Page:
Jimmy Artache

Ok… so I think I started running the open mic at The Quays sometime during 2005-2006. I had just moved back from Minneapolis and had started hosting the Open Mic at Dominies Hoek in LIC when Barry approached me about the Quays. I did both for a while but Dominies came to an end maybe a year into it. I went on to host the Quays open mic for like 7 years. Wow- something like that at least. I lost track at some point.  Between all this I had solo gigs , a few cover projects and a serious original band(little creatures) also was afforded a few amazing opportunities like all the recording I did with Shane MacGowan of the Pogues  which probably stands out as my greatest musical achievement. However my attraction to the Open Mic never really faltered throughout the years. Open Mic is a unique a different experience for everyone involved from the performers to the patrons and bar owners as well so I can only speak on my connection to it but open mics offer a special set of opportunities to perform and cut your teeth that wouldn’t exist otherwise. What kept my interest wasn’t watching seasoned musicians or comedians get up and wow everyone. It was watching and encouraging first time performers, those who had maybe put music on the side for a long time, or those who wouldn’t even consider themselves or aspire to be performers per se but want to experience what that level of naked, vulnerable expression feels like. I had the honor to watch so many people grow and find themselves threw music over the years and that was what drove me and brought real satisfaction.  Barry more than probably any other bar owner in the neighborhood has supported music from open mics to cover bands and daring original acts. He genuinely is supportive of the artistic community in Astoria and he’s shown that over the years even when it was financially unsound for him to do so. That’s something you would be hard sought to find in any other bar owner anywhere.

 

Joe Pepe

My first open mic had to be back in 2008, fell in love with it from the first night.  I had just met a bunch of people from the neighborhood right around that time, while playing with the band Illimanjaro. A few people there had seen me play, and encouraged me to jam with them that night. I could never say no to any performer, so I just became a built-in accompanying guitar player for any singer-songwriters that asked me to join them ever since. I still go now, occasionally! I’d say once every couple months I go, and play along with whomever wants me, just like in 2008. About once a year I can put my own set together, and sing a few. The vibe is and always has been a really good one. Miguel makes everyone feel like they are the only one in the room and you cannot, not like him, or feel a part of the movement with him around. BARRY IS THE SHIT! Barry lets musicians play so loud that his good-money spending customers get pissed and go to another bar were its quieter, the guy is a saint, and has always been a huge proponent of having live music in Astoria. Even if that means, squeezed in the corner of the bar right next to where the entrance to the bathroom is. That’s why I barely ever accept any money when I play there. It’s just about love. The money ain’t shit. If Barry gives me a warm hand-shake and a couple of ginger ales I’m good to go. I’ll play for him forever for free. It’s all about love with him.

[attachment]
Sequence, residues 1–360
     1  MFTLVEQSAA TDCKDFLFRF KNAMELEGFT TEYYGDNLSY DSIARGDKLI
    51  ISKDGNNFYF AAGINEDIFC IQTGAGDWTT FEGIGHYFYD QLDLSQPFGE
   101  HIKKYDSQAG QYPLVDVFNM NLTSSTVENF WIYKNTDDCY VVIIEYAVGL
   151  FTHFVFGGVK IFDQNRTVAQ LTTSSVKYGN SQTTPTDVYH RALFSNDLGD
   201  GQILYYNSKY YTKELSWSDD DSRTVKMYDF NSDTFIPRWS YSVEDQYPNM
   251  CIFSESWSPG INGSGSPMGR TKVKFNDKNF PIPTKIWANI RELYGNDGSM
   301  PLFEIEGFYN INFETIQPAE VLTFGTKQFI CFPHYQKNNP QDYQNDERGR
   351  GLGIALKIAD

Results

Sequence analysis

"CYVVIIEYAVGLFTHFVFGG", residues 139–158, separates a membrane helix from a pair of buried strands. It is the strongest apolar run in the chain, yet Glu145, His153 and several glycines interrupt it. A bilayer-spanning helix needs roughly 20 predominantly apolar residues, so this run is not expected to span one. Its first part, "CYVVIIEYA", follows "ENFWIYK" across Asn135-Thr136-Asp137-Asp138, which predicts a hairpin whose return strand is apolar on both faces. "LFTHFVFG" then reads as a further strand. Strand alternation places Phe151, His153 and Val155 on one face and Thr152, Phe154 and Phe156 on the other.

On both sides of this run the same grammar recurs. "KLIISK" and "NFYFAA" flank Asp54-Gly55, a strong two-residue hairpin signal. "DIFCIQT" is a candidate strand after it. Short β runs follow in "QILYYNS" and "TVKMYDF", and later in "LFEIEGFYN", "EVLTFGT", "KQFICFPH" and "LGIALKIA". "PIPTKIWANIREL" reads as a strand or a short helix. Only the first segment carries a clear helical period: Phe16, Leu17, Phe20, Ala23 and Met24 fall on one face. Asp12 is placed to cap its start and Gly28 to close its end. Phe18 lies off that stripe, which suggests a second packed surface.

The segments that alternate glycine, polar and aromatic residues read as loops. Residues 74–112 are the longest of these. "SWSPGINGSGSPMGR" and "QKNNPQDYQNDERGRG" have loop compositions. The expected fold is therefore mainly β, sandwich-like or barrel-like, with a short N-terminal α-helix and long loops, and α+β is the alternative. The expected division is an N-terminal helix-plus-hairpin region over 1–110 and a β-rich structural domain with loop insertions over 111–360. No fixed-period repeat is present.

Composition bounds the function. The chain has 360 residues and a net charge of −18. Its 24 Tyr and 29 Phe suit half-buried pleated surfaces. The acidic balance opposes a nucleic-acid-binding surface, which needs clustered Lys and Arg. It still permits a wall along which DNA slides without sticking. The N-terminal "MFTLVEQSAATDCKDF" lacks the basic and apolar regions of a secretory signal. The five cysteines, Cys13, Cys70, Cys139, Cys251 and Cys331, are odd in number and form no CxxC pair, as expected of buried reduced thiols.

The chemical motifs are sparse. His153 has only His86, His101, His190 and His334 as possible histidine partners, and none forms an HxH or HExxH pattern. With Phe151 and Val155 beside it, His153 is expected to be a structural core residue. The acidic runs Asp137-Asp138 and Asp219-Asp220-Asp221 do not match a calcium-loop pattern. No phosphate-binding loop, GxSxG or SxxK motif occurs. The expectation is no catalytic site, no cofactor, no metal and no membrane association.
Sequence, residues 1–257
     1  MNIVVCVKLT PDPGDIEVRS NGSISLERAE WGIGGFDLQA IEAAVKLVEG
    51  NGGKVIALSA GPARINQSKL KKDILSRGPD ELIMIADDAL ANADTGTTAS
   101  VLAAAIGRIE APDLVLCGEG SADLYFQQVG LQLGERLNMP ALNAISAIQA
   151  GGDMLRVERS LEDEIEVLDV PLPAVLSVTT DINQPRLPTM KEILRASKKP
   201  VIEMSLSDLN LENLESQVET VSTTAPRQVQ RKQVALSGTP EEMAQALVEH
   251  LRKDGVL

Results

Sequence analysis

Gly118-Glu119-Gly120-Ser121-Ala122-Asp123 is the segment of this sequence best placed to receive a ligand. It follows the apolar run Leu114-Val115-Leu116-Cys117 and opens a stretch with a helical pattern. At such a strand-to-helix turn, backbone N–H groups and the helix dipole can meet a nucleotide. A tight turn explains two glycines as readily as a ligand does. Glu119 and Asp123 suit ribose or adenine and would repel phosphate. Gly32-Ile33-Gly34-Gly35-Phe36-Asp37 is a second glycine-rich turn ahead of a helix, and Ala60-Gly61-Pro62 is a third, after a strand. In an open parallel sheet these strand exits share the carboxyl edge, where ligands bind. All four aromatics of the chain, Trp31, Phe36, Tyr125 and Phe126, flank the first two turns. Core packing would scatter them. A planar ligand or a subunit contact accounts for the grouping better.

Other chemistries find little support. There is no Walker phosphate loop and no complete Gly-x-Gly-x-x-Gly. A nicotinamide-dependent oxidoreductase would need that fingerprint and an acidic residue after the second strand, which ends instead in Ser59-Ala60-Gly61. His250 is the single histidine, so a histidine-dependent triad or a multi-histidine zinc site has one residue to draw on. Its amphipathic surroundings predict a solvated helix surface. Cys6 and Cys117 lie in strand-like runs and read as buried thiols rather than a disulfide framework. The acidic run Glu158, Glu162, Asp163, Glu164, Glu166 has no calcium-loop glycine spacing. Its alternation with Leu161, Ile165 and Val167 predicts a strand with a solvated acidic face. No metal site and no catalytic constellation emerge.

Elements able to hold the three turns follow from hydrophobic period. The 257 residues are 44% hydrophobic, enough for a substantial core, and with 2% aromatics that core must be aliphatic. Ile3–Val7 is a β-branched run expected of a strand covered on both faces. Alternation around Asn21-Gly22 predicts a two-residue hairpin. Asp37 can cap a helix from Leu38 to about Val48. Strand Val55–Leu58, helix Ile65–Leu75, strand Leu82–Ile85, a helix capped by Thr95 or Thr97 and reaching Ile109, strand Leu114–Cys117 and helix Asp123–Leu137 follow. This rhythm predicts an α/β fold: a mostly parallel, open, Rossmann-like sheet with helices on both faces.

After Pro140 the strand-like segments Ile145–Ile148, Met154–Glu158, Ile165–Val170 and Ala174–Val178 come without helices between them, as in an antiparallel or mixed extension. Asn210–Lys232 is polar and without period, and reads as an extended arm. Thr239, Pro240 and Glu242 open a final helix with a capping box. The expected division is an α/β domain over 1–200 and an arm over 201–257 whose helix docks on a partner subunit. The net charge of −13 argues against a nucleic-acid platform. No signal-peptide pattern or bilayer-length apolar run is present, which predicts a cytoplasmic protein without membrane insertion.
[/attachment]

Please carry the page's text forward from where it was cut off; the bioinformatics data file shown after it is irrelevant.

Andrew Sydor

It’s so long ago; it’s hard to remember when I attended my first Quays. I think it was about six years ago. The first night I went there, I saw immediately it was a very different thing than Hell Gate Social. Where HGS was low-key and more mellow, Quays was rambunctious and crowded. It also seemed less structured, too; I swear the first guy I saw play there played eight songs. I don’t think I got on to play until past two am. As far as what music did I play, I play what can be described as folk rock: a lot of  Dylan, Paul Simon, Leonard Cohen, Tom Waits, etc. I’ve also written a fair number of songs, much in that same vein. The open mics show that variety, everything from my own folkie singer-songwriter stuff, to techno, to art rock. Hell, I’ve even seen step-dancing at the Quays. I remember borrowing someone’s guitar only to then break it. That was pretty bad. As far as best night, I’ve been doing this long enough that I’ve had a number of nights where everything seemed to click. It’s what keeps me coming back. Barry has been a great supporter of the Astoria music scene. Once he set up Olde Prague, he quickly set up an open Mic there as he had earlier set up the Quays open mic. When there was heat from ASCAP/BMI to demand fees from the open mics in Astoria (this caused the Quays to suspend their open Mic for some months) Barry made sure the OP/IWB continued.

Gustavo Rodriguez